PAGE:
Bright House's Tampa system goes down; Indy VOD servers breached
A large chunk of Bright House Networks subscribers in its Tampa Bay system were without voice, video and data services yesterday due to a software issue.
According to a story in The St. Petersburg Times, some Bright House Networks customers throughout Pinellas, Pasco, Hernando, Hillsborough and Manatee counties were without phone, cable and high-speed Internet services yesterday. The service outages started around 10:40 a.m., but a spokeswoman for the cable operator said this morning that service was restored around 5 p.m. the same day.
The outages were reportedly due to a software bug in the Cisco core routing system that Bright House Networks uses in its Tampa Bay system, which accounted for the services being down across such a wide area.
"We rely on and are proud of the strategic partnership we have developed with Cisco as our primary network data infrastructure provider," a Bright House Networks spokeswoman said. "This partnership facilitates immediate technical engagement and management visibility from the Cisco team. We relied on those resources to provide technical expertise during the event, and we will continue to rely on this partnership to ensure that we are providing the best service experience possible."
Bright House has more than 1 million customers in its Tampa Bay market, but not all of them were affected.
Bright House Networks, which is the nation's sixth-largest cable operator, was one of the first cable operators in the industry to effectively compete with Verizon when the telco started offering its services in the Tampa Bay area.
Bright House Networks also recently sent a letter to subscribers warning of a security breach in its video-on-demand servers. According a Bright House Networks spokeswoman, only the VOD servers in the company's Indianapolis system were breached.
"Recently, we were made aware that an unauthorized source gained access to our servers and, as a result, historical customer data back to June 22, 2011, was exposed," the letter said. "There has been no indication that such customer VOD data was actually accessed or retrieved or improperly used. However, we do want you to be aware that the possibility exists that suggest that some limited VOD data was exposed to an unauthorized source."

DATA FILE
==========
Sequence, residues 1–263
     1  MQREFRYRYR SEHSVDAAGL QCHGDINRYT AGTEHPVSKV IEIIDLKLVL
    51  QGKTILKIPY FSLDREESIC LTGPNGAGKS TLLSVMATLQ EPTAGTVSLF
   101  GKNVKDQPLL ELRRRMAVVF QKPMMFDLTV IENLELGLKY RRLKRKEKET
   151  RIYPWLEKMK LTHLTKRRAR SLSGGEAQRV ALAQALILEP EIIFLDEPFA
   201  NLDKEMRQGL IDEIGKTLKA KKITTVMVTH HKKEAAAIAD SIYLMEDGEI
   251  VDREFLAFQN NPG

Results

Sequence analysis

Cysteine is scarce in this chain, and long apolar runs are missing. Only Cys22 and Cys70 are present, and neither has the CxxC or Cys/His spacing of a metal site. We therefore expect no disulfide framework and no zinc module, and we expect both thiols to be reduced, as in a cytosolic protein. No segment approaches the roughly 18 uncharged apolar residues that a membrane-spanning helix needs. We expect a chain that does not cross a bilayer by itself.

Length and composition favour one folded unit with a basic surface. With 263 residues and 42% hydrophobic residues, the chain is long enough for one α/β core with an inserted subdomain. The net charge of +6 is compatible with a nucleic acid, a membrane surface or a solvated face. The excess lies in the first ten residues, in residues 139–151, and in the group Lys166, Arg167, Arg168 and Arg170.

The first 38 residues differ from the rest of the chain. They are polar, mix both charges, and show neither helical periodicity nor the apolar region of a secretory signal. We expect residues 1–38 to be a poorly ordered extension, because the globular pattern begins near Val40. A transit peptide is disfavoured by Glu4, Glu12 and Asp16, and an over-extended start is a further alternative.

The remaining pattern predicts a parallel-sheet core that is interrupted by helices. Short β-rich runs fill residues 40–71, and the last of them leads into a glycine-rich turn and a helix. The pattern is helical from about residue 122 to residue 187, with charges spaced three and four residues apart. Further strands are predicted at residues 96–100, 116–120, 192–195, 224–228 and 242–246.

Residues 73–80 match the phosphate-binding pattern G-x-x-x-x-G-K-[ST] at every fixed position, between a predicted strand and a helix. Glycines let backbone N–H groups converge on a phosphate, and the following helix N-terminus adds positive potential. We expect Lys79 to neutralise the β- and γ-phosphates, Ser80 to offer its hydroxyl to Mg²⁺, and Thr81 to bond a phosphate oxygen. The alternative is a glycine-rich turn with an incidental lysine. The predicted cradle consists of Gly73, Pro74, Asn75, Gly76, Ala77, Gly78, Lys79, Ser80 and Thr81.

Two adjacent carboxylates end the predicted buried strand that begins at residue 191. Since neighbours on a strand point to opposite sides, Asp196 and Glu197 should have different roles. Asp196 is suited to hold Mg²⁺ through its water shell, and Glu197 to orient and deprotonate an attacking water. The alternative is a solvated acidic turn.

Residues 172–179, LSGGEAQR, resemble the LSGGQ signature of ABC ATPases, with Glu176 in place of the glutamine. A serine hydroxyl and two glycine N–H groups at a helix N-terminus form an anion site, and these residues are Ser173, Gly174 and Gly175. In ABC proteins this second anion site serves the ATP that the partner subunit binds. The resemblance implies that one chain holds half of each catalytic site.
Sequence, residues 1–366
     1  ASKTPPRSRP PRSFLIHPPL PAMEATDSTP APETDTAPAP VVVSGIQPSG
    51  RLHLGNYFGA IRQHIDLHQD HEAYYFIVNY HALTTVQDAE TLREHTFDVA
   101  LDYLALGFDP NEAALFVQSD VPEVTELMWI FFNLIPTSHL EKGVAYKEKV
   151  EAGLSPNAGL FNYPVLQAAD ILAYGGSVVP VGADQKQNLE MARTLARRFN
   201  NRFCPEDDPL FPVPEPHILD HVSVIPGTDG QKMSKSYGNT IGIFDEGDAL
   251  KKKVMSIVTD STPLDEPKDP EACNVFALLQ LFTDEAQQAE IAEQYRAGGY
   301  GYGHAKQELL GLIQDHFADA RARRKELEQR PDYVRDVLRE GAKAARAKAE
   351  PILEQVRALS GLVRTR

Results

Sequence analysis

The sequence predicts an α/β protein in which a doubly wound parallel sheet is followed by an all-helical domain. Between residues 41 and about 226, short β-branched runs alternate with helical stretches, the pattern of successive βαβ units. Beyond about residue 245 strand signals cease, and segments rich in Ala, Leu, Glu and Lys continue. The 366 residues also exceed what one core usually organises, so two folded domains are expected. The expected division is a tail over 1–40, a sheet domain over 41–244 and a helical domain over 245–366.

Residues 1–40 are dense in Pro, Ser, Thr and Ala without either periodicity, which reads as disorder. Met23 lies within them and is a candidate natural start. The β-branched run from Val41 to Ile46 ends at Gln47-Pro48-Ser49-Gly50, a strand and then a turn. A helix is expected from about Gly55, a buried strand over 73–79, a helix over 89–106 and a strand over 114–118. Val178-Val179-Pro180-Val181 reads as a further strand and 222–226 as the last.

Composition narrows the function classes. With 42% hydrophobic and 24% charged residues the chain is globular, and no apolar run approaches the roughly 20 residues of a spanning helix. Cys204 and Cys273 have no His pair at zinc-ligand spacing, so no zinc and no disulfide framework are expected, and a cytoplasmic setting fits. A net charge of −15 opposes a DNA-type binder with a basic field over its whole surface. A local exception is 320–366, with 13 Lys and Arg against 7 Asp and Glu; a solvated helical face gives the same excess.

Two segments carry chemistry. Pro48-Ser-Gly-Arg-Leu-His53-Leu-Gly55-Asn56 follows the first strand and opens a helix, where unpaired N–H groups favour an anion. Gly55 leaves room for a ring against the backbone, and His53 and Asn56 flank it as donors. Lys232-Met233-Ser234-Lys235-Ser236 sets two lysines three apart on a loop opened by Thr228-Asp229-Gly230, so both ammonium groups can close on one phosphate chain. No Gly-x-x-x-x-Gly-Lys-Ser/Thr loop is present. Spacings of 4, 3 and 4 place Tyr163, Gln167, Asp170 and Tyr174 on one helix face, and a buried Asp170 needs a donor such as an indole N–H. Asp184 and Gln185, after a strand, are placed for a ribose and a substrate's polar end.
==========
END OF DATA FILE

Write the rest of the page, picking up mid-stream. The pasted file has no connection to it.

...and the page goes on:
Bright House Networks also said in its letter that it had taken immediate action to secure the system and to prevent a similar breach from happening again. It also said Bright House subscribers should monitor their accounts and report any suspicious or unauthorized activity to the company.
The letter said that customer names, addresses, phone numbers and Bright House Network account numbers were exposed during the breach. Sensitive financial information and private data, such as passwords, PIN codes, and credit card and social security numbers, were not compromised. Bright House said sensitive customer data is not stored on its VOD servers.
"We have no evidence that any personal data was actually retrieved or used in any fashion, and we've asked customers to report to us any unauthorized or suspicious activity on their accounts," Bright House wrote in a statement. "Because of the type of breach, at this time there is no indication this information was retrieved."